Forum Title: Need Guidance On Replacing / Updating Copper DWV Lines
I have started renovations on a master bathroom and have been contemplating fixing / replacing the drains for this bathroom. Bathroom has been gutted to studs and subfloor. House is from the late 50's or 60's. Located in Maryland. Here's my reasons for looking into this: - Shower drain is not high enough for new shower base (will be traditional mortar, liner, mortar, tile shower pan) - Would like to move shower drain a few inches to center it in new shower (old shower stall was smaller, new design puts drain close to one end) - Toilet flange is beat up from floor demo (my mistake) and soldered to 3" copper pipe. May need height adjustment for new floor so replacement is ideal. My concern is the layout of the existing drain system. It is not a continuous vertical stack. From the roof near center of house, vent pipe comes down in wall with kitchen on one side and guest bath on the other. Kitchen sink and guest bath sink connect to this pipe in the wall. Once the pipe enters the basement, it makes a horizontal turn and heads towards the side of the house, perpendicular to the floor. The toilet for guest bath is attached with a wye just after the horizontal turn. Next is a left turn towards main drain pipe. Along the way, the master bath shower drain, guest bath tub drain, master bath toilet and master bath sink all connect with straight, vertical tee connections. I suspect this was done because the guest bath and master bath share an interior wall and running everything inline was easier / cheaper? Is this even up to code anymore? From there, the line makes a right turn, heads back to the foundation and into a main drain pipe. All of this is copper and brass with what I assume is a cast iron drain pipe. No idea what to do, no idea if the existing configuration is up to code or allowed. I was thinking of just cutting the copper off for the master bath drains (branches), then replace with PVC. Then I thought why not cut all the copper out between the main drain and guest toilet and replace with PVC as a preventative measure; but that would leave the vertical pipe and (newly finished) kitchen and guest bath with copper drain pipe. Is that ok? We will likely be here for at least a few years so my dilemma is do I redo as much as I can now and consider it preventative maintenance? Or do I just do what I need to get the bathroom finished and functional / safe and just assume drain system may need more work or to be redone when it comes time for sale / inspection? Any guidance would be appreciated!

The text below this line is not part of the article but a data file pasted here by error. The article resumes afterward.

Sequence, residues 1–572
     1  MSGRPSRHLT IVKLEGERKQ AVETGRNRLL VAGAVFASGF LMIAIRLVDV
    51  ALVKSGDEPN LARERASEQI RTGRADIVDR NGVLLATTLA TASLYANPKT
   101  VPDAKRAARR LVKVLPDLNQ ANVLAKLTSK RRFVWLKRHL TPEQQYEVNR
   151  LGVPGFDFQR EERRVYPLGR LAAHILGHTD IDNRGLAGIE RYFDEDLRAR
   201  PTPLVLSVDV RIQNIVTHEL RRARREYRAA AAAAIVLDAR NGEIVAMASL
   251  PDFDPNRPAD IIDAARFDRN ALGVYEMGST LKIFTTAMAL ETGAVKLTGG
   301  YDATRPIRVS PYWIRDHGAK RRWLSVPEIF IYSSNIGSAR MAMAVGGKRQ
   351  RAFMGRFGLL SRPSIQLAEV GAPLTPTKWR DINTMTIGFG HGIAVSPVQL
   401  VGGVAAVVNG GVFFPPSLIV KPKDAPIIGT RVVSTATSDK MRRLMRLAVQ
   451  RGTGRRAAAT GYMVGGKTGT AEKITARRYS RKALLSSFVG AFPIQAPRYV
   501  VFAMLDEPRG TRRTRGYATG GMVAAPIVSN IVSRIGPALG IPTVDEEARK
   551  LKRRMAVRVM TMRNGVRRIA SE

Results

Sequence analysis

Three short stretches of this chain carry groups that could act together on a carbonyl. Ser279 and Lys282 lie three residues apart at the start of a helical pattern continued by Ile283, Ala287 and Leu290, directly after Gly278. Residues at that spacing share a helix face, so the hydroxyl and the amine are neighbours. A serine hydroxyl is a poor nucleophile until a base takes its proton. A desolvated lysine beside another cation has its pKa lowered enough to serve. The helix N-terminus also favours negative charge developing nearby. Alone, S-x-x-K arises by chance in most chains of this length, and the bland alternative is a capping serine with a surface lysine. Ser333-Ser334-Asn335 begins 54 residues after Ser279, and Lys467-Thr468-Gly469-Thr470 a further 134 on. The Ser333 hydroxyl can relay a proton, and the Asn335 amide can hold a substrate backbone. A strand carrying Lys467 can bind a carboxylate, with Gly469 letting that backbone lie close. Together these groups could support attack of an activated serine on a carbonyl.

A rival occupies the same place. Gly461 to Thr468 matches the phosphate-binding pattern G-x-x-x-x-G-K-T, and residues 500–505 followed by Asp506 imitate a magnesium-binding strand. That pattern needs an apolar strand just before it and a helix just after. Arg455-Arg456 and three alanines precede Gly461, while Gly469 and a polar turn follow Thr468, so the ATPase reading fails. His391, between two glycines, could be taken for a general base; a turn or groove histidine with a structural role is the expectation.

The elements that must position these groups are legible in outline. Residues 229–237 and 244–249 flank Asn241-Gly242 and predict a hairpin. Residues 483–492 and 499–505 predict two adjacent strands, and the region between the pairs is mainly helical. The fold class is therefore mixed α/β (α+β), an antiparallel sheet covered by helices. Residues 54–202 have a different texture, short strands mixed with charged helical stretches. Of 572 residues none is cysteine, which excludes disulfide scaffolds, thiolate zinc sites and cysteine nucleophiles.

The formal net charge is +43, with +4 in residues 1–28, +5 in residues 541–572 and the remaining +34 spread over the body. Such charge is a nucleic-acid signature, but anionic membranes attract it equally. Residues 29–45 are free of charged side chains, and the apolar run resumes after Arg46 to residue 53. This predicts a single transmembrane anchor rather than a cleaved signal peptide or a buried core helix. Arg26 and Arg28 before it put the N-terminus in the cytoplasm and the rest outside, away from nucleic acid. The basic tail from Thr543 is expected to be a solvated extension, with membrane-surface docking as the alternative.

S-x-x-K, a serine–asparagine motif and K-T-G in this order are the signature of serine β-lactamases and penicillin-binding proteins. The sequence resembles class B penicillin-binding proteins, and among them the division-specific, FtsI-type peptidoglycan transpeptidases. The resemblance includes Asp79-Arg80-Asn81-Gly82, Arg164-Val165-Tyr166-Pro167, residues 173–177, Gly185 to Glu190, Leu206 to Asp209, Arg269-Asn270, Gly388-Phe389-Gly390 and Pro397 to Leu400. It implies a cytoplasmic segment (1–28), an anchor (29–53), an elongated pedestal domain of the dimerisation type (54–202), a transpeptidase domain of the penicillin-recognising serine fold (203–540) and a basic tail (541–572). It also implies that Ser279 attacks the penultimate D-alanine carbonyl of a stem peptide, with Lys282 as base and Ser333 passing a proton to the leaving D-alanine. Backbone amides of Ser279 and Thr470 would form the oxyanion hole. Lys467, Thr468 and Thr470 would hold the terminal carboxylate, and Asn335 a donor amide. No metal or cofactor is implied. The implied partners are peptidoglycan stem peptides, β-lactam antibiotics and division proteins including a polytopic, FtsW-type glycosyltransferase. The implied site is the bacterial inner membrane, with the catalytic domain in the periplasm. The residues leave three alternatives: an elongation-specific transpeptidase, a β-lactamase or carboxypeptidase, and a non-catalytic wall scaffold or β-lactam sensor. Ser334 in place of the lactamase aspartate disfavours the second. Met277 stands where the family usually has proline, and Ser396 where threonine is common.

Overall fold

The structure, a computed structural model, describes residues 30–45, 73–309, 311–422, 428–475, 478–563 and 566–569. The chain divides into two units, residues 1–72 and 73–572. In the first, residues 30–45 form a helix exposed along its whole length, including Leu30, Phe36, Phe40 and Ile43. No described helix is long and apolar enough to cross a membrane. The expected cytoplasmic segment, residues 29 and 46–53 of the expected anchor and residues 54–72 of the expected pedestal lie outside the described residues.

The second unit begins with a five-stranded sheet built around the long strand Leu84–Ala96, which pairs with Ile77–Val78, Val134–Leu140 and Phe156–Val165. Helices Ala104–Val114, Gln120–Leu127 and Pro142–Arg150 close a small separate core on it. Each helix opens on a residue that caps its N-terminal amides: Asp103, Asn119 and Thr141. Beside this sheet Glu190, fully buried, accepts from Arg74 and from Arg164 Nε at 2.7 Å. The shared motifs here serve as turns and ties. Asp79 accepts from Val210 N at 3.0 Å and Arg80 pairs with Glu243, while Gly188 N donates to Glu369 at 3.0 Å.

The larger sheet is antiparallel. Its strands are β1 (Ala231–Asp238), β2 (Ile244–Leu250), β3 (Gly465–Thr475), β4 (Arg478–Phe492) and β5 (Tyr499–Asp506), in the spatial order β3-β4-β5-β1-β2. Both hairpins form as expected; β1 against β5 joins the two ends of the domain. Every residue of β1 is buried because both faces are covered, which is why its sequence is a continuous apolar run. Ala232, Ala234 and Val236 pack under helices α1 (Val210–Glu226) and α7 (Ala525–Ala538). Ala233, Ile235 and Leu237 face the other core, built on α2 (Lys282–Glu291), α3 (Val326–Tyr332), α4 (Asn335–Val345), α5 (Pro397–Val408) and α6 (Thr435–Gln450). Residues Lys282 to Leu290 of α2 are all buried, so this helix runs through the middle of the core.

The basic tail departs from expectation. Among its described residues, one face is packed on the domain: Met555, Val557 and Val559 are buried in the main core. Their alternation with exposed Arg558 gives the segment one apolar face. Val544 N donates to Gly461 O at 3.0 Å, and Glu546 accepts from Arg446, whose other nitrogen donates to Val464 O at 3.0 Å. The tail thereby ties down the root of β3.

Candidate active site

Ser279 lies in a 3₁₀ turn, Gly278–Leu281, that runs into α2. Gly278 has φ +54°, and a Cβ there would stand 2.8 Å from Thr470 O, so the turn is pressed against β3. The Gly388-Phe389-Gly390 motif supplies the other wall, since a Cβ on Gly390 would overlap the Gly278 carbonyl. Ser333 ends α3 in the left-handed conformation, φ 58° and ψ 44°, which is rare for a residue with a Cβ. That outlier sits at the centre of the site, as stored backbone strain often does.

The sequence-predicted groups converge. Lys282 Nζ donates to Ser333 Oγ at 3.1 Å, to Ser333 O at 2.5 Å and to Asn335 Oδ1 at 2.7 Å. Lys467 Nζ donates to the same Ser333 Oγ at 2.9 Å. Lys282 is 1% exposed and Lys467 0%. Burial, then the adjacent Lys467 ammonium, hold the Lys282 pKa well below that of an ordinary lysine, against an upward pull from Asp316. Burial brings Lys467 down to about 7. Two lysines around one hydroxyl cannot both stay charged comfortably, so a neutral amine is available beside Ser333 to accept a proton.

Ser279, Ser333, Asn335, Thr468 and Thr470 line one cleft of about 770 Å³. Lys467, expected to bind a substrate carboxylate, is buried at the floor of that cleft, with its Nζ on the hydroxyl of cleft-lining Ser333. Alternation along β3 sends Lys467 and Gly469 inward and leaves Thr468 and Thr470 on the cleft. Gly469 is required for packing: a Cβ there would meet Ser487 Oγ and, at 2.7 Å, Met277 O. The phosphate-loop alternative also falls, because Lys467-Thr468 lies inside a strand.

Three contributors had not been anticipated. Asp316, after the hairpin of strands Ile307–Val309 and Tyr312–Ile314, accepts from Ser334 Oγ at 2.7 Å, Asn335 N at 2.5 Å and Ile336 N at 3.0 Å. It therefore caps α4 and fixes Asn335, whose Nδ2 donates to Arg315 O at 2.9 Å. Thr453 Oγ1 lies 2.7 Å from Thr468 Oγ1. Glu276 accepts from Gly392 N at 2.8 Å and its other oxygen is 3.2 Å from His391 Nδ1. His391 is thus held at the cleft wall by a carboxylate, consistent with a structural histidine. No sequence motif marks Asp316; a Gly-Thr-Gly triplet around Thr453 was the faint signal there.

Category: Plumber Post By: EDWIN SALAZAR (Broken Arrow, OK), 07/11/2016

DWV copper can rot out but it can also last for along time with no trouble. All that looks to be accessible and looks to be in good shape So replace it when it fails. The stuff that might be up in the walls I would replace while you have it open.

- HILDA GRIFFITH (Albuquerque, NM), 09/15/2017

Quote: Originally Posted by Mr_David DWV copper can rot out but it can also last for along time with no trouble. All that looks to be accessible and looks to be in good shape So replace it when it fails. The stuff that might be up in the walls I would replace while you have it open. Thanks! Any idea whether that configuration is normal or not? I always thought the drains were supposed to branch off of a main verical stack, not be inline on a horizontal run due to venting issues?

- BRANDON GOMEZ (Paramount, CA), 10/03/2017

Both the tub and shower are not vented. Horizontal to horizontal is OK if a Y and 45 is used.

- CONNIE REYNOLDS (Bolingbrook, IL), 10/07/2017

Tips & Plumbing Resources For Homeowners

Get Service Calls 888-880-2779